The banality of evil?
Not a bit of it. He was undeniably charismatic. The sort of man you’d have noticed no matter what he was wearing, with or without the patriarchal beard. A devout Muslim (not a good one), he never claimed to be a prophet, but to us he seemed to play the part, and he definitely looked it. No one doubted his sincerity or claimed that his monstrous zeal, hateful as it was, disguised a shabbier vice. There was nothing shabby about him. He was grand, mysterious; not pure evil, perhaps, but pure and evil at the same time.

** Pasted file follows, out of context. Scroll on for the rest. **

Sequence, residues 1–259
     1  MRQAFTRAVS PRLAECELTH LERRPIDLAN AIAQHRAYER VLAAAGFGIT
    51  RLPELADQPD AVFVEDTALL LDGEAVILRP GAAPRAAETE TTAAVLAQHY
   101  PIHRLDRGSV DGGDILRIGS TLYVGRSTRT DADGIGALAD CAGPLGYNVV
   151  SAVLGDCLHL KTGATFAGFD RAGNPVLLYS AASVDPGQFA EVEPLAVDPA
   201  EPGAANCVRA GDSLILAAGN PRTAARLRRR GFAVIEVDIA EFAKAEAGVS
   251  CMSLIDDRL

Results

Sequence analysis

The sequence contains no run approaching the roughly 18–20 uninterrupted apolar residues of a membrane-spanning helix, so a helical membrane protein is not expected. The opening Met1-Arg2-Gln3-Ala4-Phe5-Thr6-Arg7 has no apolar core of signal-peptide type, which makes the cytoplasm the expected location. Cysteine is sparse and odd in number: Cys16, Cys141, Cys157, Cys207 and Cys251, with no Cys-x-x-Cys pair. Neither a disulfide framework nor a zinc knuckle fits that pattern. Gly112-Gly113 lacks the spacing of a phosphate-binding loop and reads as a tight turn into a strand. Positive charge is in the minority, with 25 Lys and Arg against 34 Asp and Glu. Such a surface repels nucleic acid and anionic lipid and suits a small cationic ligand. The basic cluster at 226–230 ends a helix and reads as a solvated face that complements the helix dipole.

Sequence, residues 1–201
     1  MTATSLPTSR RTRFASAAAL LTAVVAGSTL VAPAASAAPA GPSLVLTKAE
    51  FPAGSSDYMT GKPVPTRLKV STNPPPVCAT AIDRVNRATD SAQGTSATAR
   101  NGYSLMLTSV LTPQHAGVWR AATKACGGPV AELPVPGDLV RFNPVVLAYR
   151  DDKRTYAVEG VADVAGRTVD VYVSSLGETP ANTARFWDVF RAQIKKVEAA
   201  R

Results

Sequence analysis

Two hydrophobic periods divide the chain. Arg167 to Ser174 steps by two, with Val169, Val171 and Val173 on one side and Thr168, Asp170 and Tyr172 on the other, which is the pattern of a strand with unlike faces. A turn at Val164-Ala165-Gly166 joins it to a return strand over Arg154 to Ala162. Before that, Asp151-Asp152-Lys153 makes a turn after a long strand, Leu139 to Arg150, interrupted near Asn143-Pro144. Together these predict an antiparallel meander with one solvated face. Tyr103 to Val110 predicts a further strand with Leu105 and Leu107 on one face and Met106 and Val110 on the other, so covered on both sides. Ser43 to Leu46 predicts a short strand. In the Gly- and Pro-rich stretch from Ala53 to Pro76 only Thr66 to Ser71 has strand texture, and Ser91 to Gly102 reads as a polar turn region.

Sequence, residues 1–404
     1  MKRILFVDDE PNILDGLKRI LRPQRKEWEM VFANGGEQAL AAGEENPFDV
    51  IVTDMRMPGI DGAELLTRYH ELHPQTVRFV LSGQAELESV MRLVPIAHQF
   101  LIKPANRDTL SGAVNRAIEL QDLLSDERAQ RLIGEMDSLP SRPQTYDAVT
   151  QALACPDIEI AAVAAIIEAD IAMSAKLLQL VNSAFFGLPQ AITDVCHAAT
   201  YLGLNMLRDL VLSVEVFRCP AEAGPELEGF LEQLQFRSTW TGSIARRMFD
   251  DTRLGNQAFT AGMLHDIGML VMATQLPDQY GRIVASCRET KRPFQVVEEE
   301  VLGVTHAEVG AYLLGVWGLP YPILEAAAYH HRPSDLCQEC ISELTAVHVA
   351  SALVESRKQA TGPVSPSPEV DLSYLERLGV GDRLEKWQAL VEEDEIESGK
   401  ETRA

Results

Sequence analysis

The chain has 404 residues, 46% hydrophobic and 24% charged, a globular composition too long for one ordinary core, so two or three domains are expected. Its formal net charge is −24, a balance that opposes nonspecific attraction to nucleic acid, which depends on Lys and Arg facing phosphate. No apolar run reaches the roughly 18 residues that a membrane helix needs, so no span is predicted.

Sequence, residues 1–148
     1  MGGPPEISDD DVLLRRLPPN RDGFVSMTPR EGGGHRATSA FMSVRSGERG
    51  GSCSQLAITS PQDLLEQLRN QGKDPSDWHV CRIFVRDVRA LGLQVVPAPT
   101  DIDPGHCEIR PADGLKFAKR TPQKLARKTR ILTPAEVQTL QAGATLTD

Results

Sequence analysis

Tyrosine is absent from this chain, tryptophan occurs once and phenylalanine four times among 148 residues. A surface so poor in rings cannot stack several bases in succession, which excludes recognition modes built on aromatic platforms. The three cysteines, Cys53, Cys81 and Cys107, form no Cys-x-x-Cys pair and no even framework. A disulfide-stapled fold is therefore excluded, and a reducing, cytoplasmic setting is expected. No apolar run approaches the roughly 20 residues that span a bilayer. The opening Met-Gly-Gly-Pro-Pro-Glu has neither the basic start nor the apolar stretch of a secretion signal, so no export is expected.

Now that he’s dead, Al Qaeda appears to be what it was all along: just another terrorist organization, distinguished only by the scale of its success, not by the unique nature of its motivations. Its grievances are no more metaphysical, and no less historical, than those of the IRA (for example). Osama bin Laden’s death robs his movement of its satanic glamour. So long as we had his face to look at, we could imagine, as his followers did, that the conflict was between innocence and absolute evil. For them, it was martyrs versus decadent kafirs; for us, tolerant, life-affirming moderns versus primitive, self-loathing nihilists. Now we’re back where we started, left with politics and the failure of politics, our desire for security and peace (in that order) and their desperate rage. There can be no excuse for what they’ve done, or what they’re still trying to do. But terrorists are no exception to the rule: everyone has his reasons. Knowing that Al Qaeda’s reasons must be bad ones because of their effects is no substitute for knowing what they are.